Moving Tips For The Mobility Challenged

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Moving is a stressful time for anyone, but it can be even harder if you are disabled or have mobility issues. If you use a wheelchair, cane, or other device, trying to pack and load boxes can be not just challenging, but nearly impossible. Fortunately, professional movers can make the entire process easier. The following is a short checklist of the services you should request to fit your special needs.

#1: Ask for small boxes

Movers often seem to favor larger boxes because it takes fewer trips to load the truck. Unfortunately, when you are left to unpack, this means you will be struggling with moving these big boxes around the house or digging in them for your belongings. Ask the movers to use small boxes that you can maneuver easily with your disability. If a larger box must be used, ask if they can use a wardrobe box. These boxes open on the side for easier access, so you don't have to try reaching in to a deep box from the top.

#2: Look for packing shortcuts

If your move is local, there may not be any need to carefully wrap and package everything. With your permission, movers can leave your clothing in your drawers, for example. This will be one less thing that you will have to unpack when you arrive in your new home. The above-mentioned wardrobe boxes are another shortcut, since your clothing will remain on hangers and can be easily transferred to the closet. When moving around is difficult, then every shortcut you find can be a relief.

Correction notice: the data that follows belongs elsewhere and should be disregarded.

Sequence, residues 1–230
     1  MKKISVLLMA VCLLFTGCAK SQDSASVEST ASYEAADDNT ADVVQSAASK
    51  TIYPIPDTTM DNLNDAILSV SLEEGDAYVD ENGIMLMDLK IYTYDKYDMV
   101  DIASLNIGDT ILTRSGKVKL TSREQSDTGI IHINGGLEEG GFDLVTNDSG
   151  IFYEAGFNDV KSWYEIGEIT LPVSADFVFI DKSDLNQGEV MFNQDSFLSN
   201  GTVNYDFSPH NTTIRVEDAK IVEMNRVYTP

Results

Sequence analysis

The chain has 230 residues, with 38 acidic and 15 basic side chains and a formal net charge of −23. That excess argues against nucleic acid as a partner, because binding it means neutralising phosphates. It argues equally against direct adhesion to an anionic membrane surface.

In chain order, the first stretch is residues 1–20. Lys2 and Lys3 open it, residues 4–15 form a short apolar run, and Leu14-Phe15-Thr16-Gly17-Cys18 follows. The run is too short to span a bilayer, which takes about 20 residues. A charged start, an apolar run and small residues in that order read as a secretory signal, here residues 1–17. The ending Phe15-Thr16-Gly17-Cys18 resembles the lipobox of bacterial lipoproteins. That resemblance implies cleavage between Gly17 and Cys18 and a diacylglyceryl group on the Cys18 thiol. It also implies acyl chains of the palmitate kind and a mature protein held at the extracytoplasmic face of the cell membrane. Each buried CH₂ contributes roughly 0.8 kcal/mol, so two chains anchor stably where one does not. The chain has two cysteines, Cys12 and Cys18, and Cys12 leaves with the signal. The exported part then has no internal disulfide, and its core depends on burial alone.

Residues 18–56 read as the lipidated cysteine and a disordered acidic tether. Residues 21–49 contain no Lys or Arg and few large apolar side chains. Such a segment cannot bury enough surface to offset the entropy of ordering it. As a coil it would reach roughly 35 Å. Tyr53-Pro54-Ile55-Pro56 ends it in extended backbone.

#3: Inquire about unpacking services

Some residential movers offer unpacking services as well as packing services. In this case, you work side-by-side with the crew to unpack your belongings. You don't have to use this service for all your belongings. Instead, simply hire help for those items that are difficult for you to do on your own, such as reassembling furniture or unpacking heavy objects. Some movers can even hang pictures for you.

#4: Keep accessibility in mind

Decide which home you will supervise during the move, and then enlist the help of a friend or family member to supervise the other. Once you know where you plan to be on moving day, set up an accessibility plan. You will need to make sure there is a separate entrance you can use during the move, since the main entrance may be blocked by the movers. Make sure the movers are clear on where to place things so that they don't block your movement around your home, especially if you use a wheelchair or other device that requires clearance. You can use masking tape to tape off pathways so the movers don't inadvertently block access to areas of the new home.

Contact a residential mover, such as Done Right Moving,  for more help.

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